In 1815 Joseph Jacotot, a professor of law and mathematics in Dijon, found himself exiled to Belgium after the Bourbon Restoration in France. Fortunately, he was able to continue his teaching career thanks to the King of the Netherlands, who helped him obtain a position as a lecturer in French literature at the University of Louvain. The problem? A large number of his new students spoke no French, and he himself spoke no Flemish. Instead of trying to teach in Flemish or impelling his students to learn French, Jacotot took an unprecedented third option: he gave his students a bilingual edition of François Fénelon’s Les aventures de Télémaque and asked them simply to learn the French text with the help of the facing Flemish translation. And when the students finished the text, he asked them to go back through it again and again until they could recite it. When it came time to assess the students’ progress, Jacotot found, to his surprise, that his experiment had been a wild success—the Belgian students wrote about Télémaque perfectly clearly in French, “as well as many French could have done.” Even though Jacotot had not technically “taught” his students anything, they had learned all the same.
One hundred and fifty years later, the French philosopher Jacques Rancière made Jacotot’s story the cornerstone of his new theory of “intellectual emancipation.” France at that time was still grappling with the aftermath of the May 1968 student protests, a period of nationwide upheaval in which traditional social institutions—especially educational ones—were cast into radical doubt. As translator Kristin Ross explains in her introduction, the protests ignited a series of debates about the role of educational institutions in perpetuating the inequalities that had given rise to the protests in the first place. Were such institutions responsible for the exclusion of working-class and immigrant youths from universities and thus from upward social mobility? And if so, what kind of educational reforms would it take to rectify this problem? Rancière’s response in The Ignorant Schoolmaster addressed conceptual as well as practical aspects of the problem: the schoolmaster owed her existence, Rancière claimed, to the “pedagogical myth” that her intelligence was superior to her students’. Her ability to teach lay in her ability to “explicate” a body of facts, repeatedly if needed and in ever-simplified ways, until her students grasped it. But Jacotot’s experiences proved precisely that, if learning meant acquiring such a body of facts, a student didn’t need a teacher in order to learn—all she needed was a text. The pedagogy that Jacotot practiced consisted not of “the subjection of intelligence over intelligence” but of “the subjection of will over will;” the teacher’s job was to “set the student on track and keep her there.” Since it took no specialized knowledge to teach, anyone could teach anything. But that also meant that a sufficiently motivated student needed no teacher at all. She could make do just fine as long as she had a text; freed from her dependence on teachers, she could truly be called “emancipated.”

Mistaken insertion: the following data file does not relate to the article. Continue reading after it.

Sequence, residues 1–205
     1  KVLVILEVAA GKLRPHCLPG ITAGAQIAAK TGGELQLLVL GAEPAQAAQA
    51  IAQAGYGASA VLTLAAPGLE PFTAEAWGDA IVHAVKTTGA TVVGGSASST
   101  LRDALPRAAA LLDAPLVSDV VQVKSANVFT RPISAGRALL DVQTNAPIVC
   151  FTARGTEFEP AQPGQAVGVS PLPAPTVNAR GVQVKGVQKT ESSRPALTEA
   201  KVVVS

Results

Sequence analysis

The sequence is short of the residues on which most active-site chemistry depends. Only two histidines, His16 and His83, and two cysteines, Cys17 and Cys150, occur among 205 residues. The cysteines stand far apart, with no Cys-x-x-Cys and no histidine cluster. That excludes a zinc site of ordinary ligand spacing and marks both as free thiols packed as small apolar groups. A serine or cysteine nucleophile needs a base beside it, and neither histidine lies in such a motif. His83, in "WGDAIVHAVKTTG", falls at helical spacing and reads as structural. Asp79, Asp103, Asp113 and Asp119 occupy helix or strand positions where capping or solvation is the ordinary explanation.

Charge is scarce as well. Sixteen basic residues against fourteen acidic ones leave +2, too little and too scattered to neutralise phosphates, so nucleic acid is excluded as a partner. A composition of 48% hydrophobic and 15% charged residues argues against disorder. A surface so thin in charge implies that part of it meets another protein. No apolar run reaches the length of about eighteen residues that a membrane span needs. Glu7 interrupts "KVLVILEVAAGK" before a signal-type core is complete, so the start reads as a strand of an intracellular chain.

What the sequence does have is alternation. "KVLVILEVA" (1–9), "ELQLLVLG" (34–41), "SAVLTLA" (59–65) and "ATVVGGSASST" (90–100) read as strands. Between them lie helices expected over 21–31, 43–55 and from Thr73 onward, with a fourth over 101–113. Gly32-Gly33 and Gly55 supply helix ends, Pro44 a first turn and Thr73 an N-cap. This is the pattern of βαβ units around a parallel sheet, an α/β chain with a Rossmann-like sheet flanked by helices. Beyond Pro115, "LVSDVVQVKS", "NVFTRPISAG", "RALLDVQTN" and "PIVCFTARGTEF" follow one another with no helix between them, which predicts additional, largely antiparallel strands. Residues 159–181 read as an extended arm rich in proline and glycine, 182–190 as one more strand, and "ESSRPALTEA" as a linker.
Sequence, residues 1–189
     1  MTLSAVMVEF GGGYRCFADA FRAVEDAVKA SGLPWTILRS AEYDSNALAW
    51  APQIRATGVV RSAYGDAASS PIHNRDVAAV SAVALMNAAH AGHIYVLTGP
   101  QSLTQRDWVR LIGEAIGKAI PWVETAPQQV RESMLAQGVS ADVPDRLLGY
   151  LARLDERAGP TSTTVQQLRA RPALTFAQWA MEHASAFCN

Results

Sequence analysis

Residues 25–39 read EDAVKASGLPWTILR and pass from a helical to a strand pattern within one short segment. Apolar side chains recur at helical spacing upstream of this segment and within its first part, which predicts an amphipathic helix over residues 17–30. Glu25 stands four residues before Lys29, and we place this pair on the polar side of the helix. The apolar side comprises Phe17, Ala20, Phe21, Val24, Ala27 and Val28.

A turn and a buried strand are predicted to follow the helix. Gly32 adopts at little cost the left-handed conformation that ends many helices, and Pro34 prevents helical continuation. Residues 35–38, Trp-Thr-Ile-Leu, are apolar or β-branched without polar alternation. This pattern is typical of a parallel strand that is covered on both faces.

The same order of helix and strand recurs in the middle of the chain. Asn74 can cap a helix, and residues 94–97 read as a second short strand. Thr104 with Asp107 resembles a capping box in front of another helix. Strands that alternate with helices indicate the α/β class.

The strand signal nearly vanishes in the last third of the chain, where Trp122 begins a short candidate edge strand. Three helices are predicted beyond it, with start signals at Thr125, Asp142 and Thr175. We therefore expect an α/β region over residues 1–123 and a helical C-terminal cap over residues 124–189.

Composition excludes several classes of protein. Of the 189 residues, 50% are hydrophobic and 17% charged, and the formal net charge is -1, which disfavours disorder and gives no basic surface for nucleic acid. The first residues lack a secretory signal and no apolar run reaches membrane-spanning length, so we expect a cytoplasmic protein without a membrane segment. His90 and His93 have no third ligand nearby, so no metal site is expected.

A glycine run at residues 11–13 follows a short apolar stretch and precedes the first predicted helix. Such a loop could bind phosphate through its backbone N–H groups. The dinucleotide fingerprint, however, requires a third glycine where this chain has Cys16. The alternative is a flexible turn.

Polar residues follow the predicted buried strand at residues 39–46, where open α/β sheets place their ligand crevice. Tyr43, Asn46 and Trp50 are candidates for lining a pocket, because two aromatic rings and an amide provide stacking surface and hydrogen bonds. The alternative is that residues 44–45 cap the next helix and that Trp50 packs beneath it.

It was the summer after I graduated from college—that is, at the culmination of my experience in the American educational system—when I read The Ignorant Schoolmaster, and my first reaction upon finishing it was a mixture of disbelief and exasperation. Of course I’d had bad teachers throughout my career as a student, but Rancière’s characterization of the “master” as a paternalistic tyrant seemed to me grossly overblown—hysterical, even. Not only because I had never felt subjugated by any sort of institutional machine in which my teachers were supposedly the cogs, but also because, when I thought about it, I realized that none of the good teachers I’d had (and I’d had quite a few) had approached teaching as a project of “explication” in Rancière’s sense of the term. My most vivid memory from my middle school days was of my eighth-grade geometry teacher, who’d told us point-blank on the first day of school that he wouldn’t be teaching us any lessons from our textbook during class time. It was our responsibility to read the lesson, do the assigned homework problems and check our answers in the back of the book beforecoming to class—class time was reserved for questions about homework problems we’d gotten wrong without understanding why. In college, my professors asked me for my impressions, challenged me to prove my claims, drew parallels between my viewpoints and those of my classmates and brought up other thinkers and texts pertinent to the problem under discussion—but never once did they “teach” by simply explicating the texts we studied. Rancière’s thesis, I decided, was based on needless hyperbole.